The survey said 42 percent would be willing to pay $1,000-$2,000 for such features and 16 percent would be willing to pay $3,000 or more.
“While there are a number of ways one can define who’s ‘leading’ in the race to autonomy, analyzing the prevalence of active safety features demonstrates just how ready (automakers) are to bring this technology to mass production, and how willing consumers are to adopt it,” Jessica Caldwell, executive director of industry analysis at Edmunds, said in a news release. “While some car buyers may view a fully autonomous vehicle as a novelty, a vehicle that has the ability to prevent an accident before it occurs is seen as a safety breakthrough.”
Among automakers’ 2017 models, Tesla leads the pack for offering active safety features with 57, followed by Volvo with 47 and Honda at 37. At the bottom, Mitsubishi (3) offers the fewest, behind Fiat Chrysler (7). Nissan and General Motors were tied with 13 and Ford offers 14.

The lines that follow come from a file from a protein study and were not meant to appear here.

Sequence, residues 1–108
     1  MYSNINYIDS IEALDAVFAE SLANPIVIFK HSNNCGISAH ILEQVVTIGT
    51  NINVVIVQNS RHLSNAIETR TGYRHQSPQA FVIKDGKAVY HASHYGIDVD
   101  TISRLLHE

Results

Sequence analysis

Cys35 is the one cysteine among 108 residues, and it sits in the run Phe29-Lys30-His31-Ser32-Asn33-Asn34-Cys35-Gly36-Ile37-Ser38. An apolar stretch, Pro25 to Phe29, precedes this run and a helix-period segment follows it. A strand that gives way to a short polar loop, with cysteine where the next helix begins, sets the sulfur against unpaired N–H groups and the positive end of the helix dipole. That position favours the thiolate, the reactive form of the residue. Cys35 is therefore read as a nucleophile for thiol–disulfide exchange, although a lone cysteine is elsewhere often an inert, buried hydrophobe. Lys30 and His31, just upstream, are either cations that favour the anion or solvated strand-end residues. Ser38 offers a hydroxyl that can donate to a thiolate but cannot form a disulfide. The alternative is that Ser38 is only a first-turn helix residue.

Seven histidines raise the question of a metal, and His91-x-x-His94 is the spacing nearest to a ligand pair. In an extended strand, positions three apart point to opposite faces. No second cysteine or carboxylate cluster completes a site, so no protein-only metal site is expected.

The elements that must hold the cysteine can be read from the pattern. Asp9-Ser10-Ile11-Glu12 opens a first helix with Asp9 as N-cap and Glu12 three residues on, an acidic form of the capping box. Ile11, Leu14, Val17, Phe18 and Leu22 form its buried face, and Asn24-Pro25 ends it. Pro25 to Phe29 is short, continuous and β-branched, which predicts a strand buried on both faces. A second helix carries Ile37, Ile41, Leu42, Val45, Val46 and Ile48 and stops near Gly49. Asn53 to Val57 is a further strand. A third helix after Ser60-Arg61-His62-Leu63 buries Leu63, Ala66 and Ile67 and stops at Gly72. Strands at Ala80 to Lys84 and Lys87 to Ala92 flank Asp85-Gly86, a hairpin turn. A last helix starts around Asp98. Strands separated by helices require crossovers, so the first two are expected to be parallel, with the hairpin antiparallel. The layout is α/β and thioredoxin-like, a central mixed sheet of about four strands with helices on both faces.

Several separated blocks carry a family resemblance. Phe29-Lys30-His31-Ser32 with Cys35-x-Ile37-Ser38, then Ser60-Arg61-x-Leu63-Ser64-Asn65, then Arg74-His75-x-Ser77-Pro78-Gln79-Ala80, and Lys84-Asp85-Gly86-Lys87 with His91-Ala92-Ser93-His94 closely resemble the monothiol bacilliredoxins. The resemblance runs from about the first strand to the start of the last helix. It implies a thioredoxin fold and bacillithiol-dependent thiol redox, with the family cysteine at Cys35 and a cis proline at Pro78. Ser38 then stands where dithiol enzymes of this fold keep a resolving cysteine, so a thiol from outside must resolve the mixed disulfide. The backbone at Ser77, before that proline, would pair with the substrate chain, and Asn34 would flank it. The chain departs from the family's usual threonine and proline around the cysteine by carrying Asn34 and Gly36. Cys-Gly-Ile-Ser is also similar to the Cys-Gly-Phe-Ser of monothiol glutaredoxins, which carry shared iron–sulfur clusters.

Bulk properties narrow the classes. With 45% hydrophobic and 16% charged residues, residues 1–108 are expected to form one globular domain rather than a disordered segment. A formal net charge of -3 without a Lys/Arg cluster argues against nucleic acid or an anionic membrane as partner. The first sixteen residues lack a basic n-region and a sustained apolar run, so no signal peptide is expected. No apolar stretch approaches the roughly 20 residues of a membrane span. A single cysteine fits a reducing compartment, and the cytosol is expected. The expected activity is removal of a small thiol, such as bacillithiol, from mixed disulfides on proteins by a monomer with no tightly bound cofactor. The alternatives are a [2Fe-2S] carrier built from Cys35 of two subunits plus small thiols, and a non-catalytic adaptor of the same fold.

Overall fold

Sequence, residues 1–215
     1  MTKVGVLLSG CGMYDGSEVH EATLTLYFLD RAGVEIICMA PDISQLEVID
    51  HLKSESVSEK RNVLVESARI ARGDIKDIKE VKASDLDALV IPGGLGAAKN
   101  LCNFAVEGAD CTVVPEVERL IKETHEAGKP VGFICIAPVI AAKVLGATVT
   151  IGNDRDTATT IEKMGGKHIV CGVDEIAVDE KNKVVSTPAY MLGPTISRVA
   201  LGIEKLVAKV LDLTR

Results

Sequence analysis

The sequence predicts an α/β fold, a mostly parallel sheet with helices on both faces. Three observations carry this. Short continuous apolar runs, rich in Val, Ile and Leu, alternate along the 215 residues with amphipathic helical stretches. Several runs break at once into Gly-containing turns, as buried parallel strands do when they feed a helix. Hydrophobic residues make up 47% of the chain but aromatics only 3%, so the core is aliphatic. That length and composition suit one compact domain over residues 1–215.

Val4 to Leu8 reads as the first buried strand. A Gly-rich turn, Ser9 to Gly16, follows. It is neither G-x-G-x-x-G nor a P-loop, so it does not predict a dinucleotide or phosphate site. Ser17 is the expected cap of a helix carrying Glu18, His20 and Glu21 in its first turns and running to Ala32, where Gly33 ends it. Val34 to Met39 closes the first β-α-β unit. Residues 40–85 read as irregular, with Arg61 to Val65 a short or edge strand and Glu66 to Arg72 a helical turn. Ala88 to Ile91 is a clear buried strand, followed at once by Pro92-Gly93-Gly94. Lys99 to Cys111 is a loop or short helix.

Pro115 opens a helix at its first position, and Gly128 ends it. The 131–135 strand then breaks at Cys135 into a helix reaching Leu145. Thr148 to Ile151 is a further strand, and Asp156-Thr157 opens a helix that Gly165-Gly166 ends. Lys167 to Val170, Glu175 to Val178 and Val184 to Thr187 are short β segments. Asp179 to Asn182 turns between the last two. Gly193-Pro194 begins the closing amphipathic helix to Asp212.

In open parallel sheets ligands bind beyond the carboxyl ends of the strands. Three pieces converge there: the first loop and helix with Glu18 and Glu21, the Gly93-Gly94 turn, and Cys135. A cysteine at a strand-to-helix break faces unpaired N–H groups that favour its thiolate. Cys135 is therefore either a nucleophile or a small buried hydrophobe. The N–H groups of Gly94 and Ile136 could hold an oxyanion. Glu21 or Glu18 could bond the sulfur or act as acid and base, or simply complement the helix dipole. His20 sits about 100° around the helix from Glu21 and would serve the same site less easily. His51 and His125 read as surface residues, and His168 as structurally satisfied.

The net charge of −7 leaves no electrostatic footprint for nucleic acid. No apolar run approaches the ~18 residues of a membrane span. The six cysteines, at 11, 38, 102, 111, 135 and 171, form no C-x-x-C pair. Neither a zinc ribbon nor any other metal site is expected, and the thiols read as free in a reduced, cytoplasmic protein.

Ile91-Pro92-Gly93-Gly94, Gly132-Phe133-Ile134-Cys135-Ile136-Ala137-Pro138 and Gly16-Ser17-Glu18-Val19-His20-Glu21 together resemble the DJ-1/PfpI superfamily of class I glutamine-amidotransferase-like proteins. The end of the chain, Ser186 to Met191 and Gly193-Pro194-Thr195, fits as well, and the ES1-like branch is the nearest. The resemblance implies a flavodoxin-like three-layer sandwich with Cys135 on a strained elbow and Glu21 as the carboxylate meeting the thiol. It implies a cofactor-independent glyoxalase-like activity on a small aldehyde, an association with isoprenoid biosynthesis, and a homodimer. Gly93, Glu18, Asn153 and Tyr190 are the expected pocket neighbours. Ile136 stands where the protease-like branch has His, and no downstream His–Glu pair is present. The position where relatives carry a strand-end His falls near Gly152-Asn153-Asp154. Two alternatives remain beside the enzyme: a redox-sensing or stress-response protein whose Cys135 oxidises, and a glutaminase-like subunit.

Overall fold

The survey noted, however, that Tesla’s place might be precarious.
“While Tesla holds the top spot among 2017 models, the speed with which autonomous development is moving could produce a much different ranking in subsequent model years,” the survey said.